Remember my previous article on the possible adoption of a digital currency from a European country?
Talking about governments, I wrote: "Cryptocurrencies have to be seen not only as a way to make a profitable industry even more profitable, but also as a way to improve everyone's life". Referring, in particular, to the potential uses of the blockchain protocol.
Believe it or not, looks like that my prayers have been heard in the heavens!
The Maltese Government on 22nd September 2017 declared the signing of a memorandum of understanding (MoU) with Learning Machine Technologies, a start-up from Cambridge, MA, whose mission is to partner with governments in order to establish blockchain infrastructures as a backbone in those public services where trust is the priority.
In detail, through this collaboration the Ministry of Education and Employment, represented by the Minister Evarist Bartolo, aims to implement a platform that will enable students and academics both to secure their records and documents and, at the same time, to prove in any moment ad toward anyone the ownership of their credentials.
The system is based on the blockcerts technology, described as
"an open standard for creating, issuing, viewing and verifying blockchain-based certificates".
According to the protocol this distributed ledger will allow the users to own, manage and secure their own digital wallet where to store their educational credentials. Apparently the protocol won't be free: being it based on the bitcoin, it will require the issuance by the user of a certain amount of satoshi to create the transaction (nothing shocking however, and surely less expensive than actual bureaucracy).
Mr. Bartolo said that the system will allow Maltese the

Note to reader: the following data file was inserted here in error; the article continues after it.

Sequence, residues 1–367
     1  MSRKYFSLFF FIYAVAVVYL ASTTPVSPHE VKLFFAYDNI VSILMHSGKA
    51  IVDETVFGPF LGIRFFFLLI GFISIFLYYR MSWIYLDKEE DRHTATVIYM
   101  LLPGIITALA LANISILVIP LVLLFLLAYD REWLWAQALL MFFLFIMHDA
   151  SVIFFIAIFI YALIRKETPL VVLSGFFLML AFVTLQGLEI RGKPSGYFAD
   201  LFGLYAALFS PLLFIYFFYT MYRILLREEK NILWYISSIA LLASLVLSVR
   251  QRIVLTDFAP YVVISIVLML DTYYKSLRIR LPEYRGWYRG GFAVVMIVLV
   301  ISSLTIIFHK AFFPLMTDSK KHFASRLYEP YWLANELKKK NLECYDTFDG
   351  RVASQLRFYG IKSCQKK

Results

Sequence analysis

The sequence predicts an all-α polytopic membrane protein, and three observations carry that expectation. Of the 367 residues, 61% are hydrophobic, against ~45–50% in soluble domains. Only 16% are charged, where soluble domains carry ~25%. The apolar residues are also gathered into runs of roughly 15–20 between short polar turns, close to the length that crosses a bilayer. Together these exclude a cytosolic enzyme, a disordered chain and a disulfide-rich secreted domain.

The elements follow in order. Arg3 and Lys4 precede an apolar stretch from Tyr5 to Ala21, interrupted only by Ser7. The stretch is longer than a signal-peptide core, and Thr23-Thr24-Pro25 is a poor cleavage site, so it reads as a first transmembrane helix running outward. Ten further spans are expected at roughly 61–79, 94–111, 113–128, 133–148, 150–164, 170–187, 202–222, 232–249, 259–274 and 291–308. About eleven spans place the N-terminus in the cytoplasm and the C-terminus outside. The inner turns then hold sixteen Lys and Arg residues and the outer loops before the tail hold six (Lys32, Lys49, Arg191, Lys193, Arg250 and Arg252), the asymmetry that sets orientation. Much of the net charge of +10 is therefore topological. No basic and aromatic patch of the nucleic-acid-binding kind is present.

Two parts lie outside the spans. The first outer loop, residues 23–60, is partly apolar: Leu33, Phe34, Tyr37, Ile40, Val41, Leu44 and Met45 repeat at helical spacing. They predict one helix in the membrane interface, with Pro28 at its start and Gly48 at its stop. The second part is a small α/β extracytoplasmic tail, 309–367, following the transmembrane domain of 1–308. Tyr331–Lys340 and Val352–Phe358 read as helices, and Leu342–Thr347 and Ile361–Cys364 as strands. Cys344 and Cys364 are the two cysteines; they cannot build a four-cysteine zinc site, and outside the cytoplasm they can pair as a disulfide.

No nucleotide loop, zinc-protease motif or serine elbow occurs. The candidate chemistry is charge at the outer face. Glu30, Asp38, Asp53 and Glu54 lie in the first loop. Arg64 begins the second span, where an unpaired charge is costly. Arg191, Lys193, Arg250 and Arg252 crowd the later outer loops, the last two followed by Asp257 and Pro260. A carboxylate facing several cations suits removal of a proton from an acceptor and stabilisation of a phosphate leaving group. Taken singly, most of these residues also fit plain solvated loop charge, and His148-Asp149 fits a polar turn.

"flexibility to share them with whomever they choose at no cost".
My two cents
It looks like that the prime minister, Mr Joseph Muscat, was serious when he declared in April that Malta had to be at the front-line of the blockchain's development and, as a matter of fact, this is now the first country in all Europe that showed such commitment for this technology.
It's worth to be observed that a MoU is generally nothing more than a non binding framework and that we are still talking about an early-stage survey.
Still the government promised to deliver a functional platform by the end of this year, a pretty narrow deadline.
This technology it's really nothing new for us steemians: we are used to our wallets, security keys and the solidity of the blockchain protocol to whom we daily entrust our articles.
It strongly reminds me the Factom Network and its currency, the factoid.
I wonder if, instead of recurring to a third party consultant, the Maltese government could have used its own internal and national resources for this project.
This would have had the double result of sparing taxpayer's money and, most of all, to encourage the local awareness of the potential of these algorithms in everyone's daily life.
Shall we trust in the authenticity of this program? Or we are just witnessing to the last cool thing that a government in charge wants to flaunt and brag about? I would suggest a cautious position for now.
Anyway, the future may reserve some interesting surprises: once the blockchain will be entrusted with the recording of academic certificates, it will be just a matter of time for extending these solutions to notarial acts and public registries.
In a way or another, exciting times are coming.
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